In your specific circumstance, I'd be tempted to re-run a form of LP once you are gaining weight again, using a HMH set-up with a top set of 5 followed by 2-4 back-offs at 90% for the heavy days, and high rep close-grips or Press (e.g. 5 sets of 6-10, with at least 3 reps in the tank) on the middle day. Microload the 5RMs until it stops progressing then move to a HLM set-up using "x1 @ 8 + lots of volume" type model on heavy day.

  8. #8

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    Regarding sets and reps, I would run cycles of 5 reps x3 sets, 4x4, 3x5 on heavy.

    Similarly on medium I would cycle 6x3 at 75% 1RM, 5x3 at 80%, 4x3 at 85%.

    Probably use same weight on CGBP and incline as medium bench, I've just tried incline today and it feels like I can handle that kind of load. Probably same programming as medium too, or maybe just 5x3 to keep it simple.

    PS: no idea what "1 @8 + lots of volume" means in practice. (In theory, I know)
    Last edited by kanahan; 04-20-2017 at 12:03 PM.

  9. #9
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    Quote Originally Posted by kanahan View Post
    currently on a cut following LP and a cycle of TM (I plan to go on a very slow bulk starting in a few weeks).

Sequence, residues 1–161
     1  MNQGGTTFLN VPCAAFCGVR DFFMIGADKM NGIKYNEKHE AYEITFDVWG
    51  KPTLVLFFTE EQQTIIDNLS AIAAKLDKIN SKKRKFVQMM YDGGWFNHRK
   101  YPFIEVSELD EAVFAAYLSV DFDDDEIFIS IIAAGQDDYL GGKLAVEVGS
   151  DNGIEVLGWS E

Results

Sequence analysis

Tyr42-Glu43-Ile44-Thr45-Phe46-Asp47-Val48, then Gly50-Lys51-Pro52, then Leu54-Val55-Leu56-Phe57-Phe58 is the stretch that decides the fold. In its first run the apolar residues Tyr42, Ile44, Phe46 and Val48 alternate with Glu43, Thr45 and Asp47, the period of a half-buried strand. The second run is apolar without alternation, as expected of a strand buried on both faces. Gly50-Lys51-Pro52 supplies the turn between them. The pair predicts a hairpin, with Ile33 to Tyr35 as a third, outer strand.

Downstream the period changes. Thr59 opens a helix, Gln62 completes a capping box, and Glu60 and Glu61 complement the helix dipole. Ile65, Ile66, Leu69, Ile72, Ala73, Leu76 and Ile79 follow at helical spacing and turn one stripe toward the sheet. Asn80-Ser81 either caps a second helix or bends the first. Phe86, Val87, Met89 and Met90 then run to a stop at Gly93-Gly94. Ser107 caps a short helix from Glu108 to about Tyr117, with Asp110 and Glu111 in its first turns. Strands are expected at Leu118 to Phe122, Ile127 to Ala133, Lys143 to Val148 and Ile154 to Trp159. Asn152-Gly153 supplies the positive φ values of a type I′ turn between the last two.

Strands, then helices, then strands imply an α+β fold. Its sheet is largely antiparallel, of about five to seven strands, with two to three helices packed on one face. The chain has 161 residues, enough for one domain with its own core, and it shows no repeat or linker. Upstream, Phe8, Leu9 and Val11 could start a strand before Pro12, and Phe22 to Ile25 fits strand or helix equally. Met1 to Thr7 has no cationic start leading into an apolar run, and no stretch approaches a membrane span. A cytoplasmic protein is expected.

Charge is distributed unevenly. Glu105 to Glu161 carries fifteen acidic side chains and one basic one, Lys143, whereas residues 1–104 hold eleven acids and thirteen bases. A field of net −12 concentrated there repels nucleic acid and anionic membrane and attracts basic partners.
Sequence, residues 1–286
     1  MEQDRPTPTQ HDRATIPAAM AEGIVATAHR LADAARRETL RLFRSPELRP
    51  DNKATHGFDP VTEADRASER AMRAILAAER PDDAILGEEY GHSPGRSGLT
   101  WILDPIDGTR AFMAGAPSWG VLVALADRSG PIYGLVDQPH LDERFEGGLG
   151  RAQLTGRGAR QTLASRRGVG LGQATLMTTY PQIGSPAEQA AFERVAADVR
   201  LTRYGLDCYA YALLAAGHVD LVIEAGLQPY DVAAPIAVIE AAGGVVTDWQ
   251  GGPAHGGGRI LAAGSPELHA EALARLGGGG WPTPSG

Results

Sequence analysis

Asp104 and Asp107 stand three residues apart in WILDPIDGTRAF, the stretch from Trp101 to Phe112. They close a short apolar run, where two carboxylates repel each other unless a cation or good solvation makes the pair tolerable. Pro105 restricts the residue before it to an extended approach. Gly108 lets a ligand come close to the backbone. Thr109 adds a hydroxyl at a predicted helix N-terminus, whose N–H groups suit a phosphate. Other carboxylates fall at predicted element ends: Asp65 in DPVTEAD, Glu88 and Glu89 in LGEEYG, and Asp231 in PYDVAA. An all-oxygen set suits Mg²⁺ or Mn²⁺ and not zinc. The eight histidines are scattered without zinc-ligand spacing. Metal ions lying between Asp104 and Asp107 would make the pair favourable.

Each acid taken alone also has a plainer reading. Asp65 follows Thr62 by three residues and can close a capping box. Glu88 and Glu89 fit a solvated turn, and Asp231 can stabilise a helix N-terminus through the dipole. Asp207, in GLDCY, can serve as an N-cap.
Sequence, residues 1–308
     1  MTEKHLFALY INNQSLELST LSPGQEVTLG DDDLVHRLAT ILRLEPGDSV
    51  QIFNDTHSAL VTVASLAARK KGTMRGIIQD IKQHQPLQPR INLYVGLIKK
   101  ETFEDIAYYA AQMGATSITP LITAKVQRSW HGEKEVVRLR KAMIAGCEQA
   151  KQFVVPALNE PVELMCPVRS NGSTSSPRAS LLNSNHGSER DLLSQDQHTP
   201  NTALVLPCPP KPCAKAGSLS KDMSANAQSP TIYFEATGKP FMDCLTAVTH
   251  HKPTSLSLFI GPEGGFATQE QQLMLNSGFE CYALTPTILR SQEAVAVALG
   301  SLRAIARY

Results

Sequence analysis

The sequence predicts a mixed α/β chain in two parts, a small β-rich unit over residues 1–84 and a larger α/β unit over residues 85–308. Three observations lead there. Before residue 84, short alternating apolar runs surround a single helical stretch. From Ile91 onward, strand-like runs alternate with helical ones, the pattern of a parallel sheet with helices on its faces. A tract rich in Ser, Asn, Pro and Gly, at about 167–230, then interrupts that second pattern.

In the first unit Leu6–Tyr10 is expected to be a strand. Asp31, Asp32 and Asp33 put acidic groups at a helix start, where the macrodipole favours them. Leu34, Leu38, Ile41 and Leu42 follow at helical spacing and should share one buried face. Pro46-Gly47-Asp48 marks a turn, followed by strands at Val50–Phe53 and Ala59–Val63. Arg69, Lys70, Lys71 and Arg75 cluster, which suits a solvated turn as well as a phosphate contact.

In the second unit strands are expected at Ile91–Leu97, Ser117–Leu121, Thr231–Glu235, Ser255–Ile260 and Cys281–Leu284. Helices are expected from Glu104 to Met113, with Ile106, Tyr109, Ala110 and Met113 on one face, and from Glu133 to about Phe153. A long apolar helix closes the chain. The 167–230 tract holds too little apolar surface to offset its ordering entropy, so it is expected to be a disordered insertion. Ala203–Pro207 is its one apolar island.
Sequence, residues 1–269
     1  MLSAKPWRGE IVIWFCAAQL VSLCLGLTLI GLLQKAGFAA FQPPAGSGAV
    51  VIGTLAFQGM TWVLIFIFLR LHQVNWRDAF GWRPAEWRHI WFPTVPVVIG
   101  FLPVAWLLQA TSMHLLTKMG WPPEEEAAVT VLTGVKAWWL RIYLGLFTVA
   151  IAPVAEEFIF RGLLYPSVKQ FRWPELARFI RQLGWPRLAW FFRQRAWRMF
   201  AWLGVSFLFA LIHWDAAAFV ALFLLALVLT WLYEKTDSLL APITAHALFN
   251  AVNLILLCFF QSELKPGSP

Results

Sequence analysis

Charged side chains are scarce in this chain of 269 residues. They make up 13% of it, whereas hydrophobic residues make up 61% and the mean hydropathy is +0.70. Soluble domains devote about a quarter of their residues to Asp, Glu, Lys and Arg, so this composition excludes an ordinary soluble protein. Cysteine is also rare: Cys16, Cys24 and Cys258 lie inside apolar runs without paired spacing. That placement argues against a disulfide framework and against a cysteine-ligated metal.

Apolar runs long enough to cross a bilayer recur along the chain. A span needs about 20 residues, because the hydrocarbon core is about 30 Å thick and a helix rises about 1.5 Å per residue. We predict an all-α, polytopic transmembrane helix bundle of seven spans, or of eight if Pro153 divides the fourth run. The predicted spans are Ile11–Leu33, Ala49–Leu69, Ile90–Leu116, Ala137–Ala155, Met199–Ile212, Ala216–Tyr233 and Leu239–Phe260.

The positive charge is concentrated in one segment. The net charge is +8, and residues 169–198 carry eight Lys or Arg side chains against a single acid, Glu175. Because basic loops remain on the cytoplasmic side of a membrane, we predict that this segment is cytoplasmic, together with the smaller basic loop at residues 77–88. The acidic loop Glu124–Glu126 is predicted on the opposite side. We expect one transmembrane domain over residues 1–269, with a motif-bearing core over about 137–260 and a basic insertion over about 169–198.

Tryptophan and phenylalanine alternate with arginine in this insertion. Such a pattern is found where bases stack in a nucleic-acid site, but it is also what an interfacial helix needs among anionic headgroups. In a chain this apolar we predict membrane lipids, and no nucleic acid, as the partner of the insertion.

This will make things tricky depending on how your cut is going. When you start your bulk in a few weeks, your presses will be better off.

    I went from benching twice a week, which I thought was more than I could handle, to 3x a week and I thought it would kill my recovery and fry my shoulders. In two weeks of my 3x bench programming, my e1RM shot up 16 pounds and I didn't even gain any weight.

  10. #10
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    Quote Originally Posted by kanahan View Post
    PS: no idea what "1 @8 + lots of volume" means in practice. (In theory, I know)
    So, in practice, this is working up to a reasonably challenging single then doing 8-10 sets across afterwards. I tend to cycle rep ranges. A typical four weeks for me (weights in kg) might be:
    - 165 x 1 + 140 x 5 x 8
    - 167.5 x 1 + 155 x 3 x 8
    - 167.5 x 1 + 160 x 2 x 10 (repeated single as feeling fatigued)
    - 170 x 1 + 165 x 1 x 10

    Medium day is a variant (2 count / 3 count / pin press / Slingshot etc), for 1 @ 8 + 3-4 sets of 3-4 reps

    Light day is close grip for 4-6 sets of 6-12 reps

    Throw in a few Presses and BB rows when time / energy / fatigue allows

    I've added c15kg to my bench in the last two months on this, whilst dropping a little bit of bodyweight